Who can understand nature and her ways? While we crib and complain about the heat and lack of rain, there is a part of our country that is flooding with excess rain. While our farmers pray to appease the rain Gods, the farmers of the flood affected states are praying that there is an end to the excessive floods.
The recent floods in Andhra Pradesh and Karnataka have left a devastating impact in the lives of thousands of rural farmers and their families. Many rural families have been impacted by this catastrophic event. The experience has been traumatic and very distressing for them.
Floods cost the poor much in terms of damage to houses and property, loss of livestock, and destruction of crops. The poor also pay dearly in terms of ill health, and sometimes loss of life. To add to that, poor people are left to fend for themselves with whatever coping strategies they can muster.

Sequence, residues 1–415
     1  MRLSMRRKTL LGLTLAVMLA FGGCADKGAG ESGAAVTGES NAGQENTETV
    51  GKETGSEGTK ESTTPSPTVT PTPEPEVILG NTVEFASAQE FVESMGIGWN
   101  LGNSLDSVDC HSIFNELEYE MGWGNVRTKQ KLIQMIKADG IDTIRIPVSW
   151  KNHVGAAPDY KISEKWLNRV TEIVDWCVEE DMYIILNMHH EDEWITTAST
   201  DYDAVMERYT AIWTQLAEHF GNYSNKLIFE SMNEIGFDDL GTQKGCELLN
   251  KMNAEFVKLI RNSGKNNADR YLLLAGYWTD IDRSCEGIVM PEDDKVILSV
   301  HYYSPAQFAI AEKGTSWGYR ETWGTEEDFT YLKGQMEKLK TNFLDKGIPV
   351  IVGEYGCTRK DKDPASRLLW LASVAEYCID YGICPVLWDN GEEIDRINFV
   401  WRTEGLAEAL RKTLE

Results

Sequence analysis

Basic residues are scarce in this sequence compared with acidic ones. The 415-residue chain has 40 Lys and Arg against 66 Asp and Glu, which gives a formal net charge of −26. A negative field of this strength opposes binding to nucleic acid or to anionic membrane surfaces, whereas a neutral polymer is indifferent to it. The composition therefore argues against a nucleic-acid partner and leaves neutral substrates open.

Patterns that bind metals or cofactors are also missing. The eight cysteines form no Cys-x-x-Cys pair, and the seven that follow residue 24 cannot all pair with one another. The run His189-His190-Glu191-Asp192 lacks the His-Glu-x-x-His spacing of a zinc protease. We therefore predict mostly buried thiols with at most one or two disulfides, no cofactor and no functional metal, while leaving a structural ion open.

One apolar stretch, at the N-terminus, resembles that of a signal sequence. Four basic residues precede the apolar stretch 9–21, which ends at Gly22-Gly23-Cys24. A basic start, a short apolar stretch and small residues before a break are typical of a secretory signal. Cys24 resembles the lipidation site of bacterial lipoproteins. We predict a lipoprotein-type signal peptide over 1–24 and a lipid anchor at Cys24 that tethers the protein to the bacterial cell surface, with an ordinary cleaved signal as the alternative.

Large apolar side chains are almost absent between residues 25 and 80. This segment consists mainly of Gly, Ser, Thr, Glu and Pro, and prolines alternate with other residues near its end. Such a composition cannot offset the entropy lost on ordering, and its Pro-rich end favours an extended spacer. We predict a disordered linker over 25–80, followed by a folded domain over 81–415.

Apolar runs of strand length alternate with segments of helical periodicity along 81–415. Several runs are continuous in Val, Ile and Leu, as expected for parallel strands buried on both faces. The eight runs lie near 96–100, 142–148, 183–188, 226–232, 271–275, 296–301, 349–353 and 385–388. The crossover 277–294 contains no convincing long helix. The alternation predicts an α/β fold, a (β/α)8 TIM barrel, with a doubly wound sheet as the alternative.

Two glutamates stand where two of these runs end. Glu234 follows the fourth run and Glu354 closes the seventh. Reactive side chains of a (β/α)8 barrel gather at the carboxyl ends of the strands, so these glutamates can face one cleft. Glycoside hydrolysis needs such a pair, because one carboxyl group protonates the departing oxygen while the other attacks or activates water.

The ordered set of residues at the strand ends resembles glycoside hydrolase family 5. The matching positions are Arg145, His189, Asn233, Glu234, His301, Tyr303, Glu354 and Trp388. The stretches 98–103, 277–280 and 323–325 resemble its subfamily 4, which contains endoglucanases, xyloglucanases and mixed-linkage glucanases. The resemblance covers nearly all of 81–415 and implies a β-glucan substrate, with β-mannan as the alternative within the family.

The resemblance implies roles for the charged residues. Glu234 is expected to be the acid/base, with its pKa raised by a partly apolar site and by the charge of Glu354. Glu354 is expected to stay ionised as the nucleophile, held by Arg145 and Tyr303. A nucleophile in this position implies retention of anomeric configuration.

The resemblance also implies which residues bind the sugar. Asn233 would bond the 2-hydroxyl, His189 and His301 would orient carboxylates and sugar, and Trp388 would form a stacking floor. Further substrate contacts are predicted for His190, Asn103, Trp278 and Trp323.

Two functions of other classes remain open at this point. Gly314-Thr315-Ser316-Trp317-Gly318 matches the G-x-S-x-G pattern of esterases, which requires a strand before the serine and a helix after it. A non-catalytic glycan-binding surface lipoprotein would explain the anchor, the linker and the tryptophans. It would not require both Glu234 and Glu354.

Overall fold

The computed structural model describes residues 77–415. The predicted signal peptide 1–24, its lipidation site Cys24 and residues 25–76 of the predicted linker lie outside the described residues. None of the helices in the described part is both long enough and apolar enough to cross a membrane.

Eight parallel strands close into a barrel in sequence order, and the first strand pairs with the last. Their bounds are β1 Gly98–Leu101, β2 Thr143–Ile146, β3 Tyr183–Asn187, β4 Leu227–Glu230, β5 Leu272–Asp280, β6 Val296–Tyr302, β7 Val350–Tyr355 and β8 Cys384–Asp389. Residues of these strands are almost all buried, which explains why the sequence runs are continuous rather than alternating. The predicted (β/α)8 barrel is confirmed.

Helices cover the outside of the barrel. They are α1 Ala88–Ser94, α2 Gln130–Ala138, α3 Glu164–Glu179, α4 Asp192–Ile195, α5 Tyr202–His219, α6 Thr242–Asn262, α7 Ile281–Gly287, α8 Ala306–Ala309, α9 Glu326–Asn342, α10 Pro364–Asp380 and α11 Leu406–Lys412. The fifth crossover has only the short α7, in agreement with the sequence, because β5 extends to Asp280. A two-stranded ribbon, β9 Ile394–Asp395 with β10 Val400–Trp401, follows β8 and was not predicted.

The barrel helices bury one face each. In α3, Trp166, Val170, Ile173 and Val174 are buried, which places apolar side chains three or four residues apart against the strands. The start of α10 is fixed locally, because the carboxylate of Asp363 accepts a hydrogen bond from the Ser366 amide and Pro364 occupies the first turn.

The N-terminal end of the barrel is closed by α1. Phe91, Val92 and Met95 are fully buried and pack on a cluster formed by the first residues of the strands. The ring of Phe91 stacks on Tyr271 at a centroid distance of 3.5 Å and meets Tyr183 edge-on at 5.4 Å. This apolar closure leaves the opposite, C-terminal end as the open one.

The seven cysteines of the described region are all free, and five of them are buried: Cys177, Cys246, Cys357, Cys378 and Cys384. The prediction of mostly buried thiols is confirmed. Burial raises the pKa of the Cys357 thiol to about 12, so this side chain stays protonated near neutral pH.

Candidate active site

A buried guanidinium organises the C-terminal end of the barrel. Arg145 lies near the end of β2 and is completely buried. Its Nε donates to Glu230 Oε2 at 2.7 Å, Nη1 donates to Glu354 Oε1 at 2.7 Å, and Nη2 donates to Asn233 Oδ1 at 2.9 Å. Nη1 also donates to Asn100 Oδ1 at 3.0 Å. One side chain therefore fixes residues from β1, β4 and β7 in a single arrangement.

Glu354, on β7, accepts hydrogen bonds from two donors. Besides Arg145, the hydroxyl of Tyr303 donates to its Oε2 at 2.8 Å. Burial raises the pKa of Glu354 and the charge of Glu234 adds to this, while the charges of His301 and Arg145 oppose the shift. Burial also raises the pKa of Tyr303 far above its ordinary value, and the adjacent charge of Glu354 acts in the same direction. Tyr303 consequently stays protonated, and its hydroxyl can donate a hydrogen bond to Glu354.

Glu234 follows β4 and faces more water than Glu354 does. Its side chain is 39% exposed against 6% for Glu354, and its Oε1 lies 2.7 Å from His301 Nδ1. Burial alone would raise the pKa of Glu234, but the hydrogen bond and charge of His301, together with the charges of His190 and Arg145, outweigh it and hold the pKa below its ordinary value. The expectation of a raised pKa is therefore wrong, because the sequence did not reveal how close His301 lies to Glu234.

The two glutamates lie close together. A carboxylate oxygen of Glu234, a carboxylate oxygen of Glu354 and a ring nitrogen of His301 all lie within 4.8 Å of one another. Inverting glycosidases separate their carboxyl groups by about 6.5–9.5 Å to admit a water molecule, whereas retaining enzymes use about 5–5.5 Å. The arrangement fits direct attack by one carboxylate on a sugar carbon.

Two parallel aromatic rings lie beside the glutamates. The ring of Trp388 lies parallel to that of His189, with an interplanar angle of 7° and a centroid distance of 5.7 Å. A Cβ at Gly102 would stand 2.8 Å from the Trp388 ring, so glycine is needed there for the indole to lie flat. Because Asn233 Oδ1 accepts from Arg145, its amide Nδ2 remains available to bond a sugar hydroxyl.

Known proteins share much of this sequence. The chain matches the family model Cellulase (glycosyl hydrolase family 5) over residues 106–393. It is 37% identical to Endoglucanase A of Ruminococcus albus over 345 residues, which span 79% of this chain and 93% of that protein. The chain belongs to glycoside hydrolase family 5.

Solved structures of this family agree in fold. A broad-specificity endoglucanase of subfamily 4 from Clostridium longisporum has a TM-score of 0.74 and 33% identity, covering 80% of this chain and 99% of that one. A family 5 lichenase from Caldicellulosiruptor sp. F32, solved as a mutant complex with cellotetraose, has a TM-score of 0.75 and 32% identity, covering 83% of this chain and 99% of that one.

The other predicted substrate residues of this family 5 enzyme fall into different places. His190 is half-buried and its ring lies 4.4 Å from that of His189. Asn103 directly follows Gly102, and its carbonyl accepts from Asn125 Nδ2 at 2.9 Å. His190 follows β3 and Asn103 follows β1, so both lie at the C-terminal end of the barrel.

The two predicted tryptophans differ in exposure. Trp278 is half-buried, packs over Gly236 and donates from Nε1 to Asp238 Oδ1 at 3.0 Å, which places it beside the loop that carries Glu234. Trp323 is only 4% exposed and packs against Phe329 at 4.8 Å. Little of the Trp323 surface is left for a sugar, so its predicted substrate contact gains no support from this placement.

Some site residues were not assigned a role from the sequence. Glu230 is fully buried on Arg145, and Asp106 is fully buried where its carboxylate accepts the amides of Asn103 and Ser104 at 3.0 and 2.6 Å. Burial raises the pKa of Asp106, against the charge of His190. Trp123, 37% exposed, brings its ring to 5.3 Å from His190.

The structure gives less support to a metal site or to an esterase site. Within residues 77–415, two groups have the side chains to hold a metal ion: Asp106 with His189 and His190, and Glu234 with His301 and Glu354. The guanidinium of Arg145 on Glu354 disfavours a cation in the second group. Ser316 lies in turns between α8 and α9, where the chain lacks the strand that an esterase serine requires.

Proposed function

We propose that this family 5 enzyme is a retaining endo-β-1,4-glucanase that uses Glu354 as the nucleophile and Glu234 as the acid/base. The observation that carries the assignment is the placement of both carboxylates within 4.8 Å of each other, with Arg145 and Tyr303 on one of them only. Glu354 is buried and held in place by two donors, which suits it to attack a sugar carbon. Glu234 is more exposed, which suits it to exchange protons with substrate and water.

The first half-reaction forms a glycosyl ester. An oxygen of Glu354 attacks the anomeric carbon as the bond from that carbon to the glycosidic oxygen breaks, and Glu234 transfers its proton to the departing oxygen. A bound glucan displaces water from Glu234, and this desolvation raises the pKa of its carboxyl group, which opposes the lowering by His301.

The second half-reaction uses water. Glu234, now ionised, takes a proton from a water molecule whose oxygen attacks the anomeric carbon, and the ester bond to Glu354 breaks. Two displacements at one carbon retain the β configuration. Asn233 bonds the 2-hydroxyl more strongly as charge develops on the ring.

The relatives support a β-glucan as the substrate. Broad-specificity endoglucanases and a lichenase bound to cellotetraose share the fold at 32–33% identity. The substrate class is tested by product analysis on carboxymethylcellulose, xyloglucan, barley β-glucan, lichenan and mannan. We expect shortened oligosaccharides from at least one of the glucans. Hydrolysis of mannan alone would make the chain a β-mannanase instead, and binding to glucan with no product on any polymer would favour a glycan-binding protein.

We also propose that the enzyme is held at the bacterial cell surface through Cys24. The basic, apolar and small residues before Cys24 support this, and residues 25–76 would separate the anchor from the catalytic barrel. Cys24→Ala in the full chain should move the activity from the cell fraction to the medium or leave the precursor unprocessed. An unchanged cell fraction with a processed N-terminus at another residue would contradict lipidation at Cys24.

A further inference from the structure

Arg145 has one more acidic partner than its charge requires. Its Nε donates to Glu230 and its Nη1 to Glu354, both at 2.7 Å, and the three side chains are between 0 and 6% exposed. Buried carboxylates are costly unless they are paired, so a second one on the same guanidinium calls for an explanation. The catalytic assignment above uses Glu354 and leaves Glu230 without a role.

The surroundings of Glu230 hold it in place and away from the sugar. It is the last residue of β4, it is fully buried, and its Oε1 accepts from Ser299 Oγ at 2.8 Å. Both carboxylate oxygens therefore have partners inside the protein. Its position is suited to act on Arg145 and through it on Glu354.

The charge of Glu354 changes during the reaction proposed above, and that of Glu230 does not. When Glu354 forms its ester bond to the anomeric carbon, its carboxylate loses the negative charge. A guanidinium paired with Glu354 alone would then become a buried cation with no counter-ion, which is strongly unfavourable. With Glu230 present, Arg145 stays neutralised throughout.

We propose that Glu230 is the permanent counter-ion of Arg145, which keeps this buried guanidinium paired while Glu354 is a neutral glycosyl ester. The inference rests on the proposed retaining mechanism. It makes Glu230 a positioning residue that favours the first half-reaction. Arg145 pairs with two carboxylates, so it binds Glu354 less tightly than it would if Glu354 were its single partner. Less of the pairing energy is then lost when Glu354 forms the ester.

Even though the primary purpose of microfinance is to provide investment capital for micro enterprise development so that clients can grow their income and assets; when catastrophic events like floods occur, a complementary purpose is to assist clients to protect their income and assets from the impact of the crisis.
With their homes gone, rural families have suffered losses to their business assets and may have to suspend their regular income generating activities and hence may default their outstanding payments; a definite setback for rural families who are trying to break the cycle of poverty.
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